EPA’s $20M targets Clinton River watershed restoration

Nov 9, 2015 Issues: Environment
Harrison Township – The Clinton River watershed is getting a $20 million infusion of federal dollars to help move it beyond its polluted past.
 
Local, state and federal Environmental Protection Agency officials made the announcement Monday, heralding the large payout from the Great Lakes Restoration Initiative. The goal is to see the Clinton River removed from the list of Areas of Concerns — a list of environmentally troubled areas throughout the Great Lakes region.
 
The work will be done in both Macomb and Oakland counties.
 
Cameron Davis, a senior adviser to EPA Director Gina MaCarthy, said bolstering the health of the lakes is an objective that has bipartisan support, which has made securing funding easier. He pointed to U.S. Reps Sander Levin, D-Royal Oak, and Candice Miller, R-Harrison Township, appearing together at the announcement as evidence of the support.
 
“They may be from different sides of the aisle, but we’re all on the side of the Great Lakes,” Davis said.
 
Michigan has 12 areas of concern, and getting a site removed from the list often takes years and millions of dollars. Two sites — White Lake near Muskegon and Deer Lake near Marquette — were taken off the list in the past 18 months.
 
For Macomb County, the stakes are high. Local officials want to bolster their economy by touting its outdoor destinations, particularly its access to Lake St. Clair. Beach contamination during the summer months have made that more difficult, and the Clinton River is often seen as a source of the problem.
 
“We have a lot of challenges to make sure we continue to maintain the Great Lakes as this incredible resource,” said U.S. Sen. Gary Peters, D-Bloomfield Township. “Next to our people, it’s the most important resource we have here in the state of Michigan. Next to the recreational opportunities, there are the jobs. We also can never forget that 40 million people rely on the Great Lakes for drinking water every day.”
 
Programs funded by the new Restoration Initiative money include:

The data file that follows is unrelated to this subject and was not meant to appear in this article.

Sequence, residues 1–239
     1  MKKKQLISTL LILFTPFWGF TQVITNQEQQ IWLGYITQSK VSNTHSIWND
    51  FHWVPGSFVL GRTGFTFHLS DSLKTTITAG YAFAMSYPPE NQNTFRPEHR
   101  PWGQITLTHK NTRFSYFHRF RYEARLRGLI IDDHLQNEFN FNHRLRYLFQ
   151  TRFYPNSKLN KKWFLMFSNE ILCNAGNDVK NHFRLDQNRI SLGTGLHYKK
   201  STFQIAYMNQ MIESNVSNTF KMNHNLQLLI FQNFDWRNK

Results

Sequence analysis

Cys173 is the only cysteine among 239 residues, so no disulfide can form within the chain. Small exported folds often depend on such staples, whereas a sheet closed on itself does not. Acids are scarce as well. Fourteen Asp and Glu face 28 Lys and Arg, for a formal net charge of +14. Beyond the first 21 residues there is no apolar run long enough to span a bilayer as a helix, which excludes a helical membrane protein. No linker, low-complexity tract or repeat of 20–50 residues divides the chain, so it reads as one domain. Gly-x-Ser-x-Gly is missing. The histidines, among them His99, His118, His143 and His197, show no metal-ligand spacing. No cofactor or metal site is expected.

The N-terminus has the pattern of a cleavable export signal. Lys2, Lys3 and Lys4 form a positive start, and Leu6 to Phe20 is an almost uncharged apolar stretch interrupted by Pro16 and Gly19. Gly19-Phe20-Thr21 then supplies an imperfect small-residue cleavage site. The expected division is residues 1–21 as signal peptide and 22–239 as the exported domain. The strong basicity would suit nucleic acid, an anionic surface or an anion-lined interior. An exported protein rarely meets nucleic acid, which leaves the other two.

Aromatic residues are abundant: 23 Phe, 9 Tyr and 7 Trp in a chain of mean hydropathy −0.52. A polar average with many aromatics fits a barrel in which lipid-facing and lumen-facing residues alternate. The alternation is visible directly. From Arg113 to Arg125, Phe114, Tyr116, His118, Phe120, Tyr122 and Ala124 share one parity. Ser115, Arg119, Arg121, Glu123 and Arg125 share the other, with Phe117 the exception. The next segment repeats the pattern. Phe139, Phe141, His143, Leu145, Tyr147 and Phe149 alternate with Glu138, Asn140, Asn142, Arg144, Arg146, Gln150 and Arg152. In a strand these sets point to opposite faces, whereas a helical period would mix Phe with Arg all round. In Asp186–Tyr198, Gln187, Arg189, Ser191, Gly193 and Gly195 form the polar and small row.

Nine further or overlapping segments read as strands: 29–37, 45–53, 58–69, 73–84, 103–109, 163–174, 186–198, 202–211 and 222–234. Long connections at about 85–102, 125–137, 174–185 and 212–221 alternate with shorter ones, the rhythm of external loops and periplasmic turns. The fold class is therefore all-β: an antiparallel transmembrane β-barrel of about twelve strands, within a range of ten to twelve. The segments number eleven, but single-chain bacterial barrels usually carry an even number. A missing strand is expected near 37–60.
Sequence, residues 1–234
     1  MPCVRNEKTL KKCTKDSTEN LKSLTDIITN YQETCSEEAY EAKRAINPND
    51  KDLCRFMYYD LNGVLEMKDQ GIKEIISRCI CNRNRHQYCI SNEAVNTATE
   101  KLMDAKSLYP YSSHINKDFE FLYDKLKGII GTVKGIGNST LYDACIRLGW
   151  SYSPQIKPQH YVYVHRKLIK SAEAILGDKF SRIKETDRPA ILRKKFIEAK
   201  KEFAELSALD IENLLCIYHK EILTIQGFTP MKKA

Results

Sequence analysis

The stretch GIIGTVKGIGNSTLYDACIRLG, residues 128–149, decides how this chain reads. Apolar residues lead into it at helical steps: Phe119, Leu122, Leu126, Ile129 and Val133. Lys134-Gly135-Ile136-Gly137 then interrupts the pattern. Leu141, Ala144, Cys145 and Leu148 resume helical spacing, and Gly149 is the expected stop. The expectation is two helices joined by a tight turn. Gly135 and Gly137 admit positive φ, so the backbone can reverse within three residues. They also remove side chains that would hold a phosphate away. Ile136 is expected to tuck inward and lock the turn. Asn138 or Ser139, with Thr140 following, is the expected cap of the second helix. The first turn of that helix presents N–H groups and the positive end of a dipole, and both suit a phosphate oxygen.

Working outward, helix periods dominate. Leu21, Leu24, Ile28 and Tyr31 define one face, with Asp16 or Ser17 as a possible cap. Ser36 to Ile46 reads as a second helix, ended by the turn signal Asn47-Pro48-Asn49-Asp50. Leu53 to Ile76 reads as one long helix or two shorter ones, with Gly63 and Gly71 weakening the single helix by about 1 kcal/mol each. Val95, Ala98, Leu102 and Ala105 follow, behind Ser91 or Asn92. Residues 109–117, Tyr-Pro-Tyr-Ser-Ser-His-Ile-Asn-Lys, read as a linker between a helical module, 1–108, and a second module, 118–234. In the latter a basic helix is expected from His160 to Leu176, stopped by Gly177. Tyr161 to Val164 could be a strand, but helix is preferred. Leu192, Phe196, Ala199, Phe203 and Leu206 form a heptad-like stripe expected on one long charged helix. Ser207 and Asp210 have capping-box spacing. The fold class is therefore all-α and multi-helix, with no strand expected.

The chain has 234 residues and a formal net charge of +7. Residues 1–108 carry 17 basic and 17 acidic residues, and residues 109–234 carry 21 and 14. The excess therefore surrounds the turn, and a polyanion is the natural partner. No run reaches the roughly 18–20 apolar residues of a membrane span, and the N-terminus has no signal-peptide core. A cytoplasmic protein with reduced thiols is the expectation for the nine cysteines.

■Diversifying habitat along a nine-mile stretch of the Clinton River in the area of Sterling Heights: $4.5 million.
 
■Restoration of 32,000 linear feet and roughly 90 acres of in-stream, bank and in-land habitat near Partridge Creek Commons, the McBride drain and the Clinton River Spillway: $6.3 million.
 
■Restoration of the eastern end of the Clinton River Spillway, as well as removal of invasive species: $2.5 million.
 
■Wetland restoration at Wolcott Mill Metropark: $335,374.
 
■Wetland restoration at Galloway Creek near Auburn Hills: $140,000.
 
■Restoration of 3,500 feet of stream at Sylvan Glen, in the City of Troy: $375,000.
 
■Improving fish and wildlife habitat, and restore coastal wetland areas at the point where the Clinton River empties into Lake St. Clair: $2.6 million.
 
■Stream-bank stabilization along the Clinton River in Shelby Township: $914,412.
 
■Restoration of 3,000 linear feet of channel and two acres of habitat at Galloway Creek.
 
Levin looked back over the decades to a time when his mother swam in places like the Rouge River — something most people wouldn’t think of today.
 
“What happened after that to the Rouge and Clinton (rivers) and the Great Lakes is that pollution took over,” he said. “And we should remember that. ...
 
“After decades of pollution, we decided to turn this around. And six years of (GLRI) have shown the ability for us to do that.”
 
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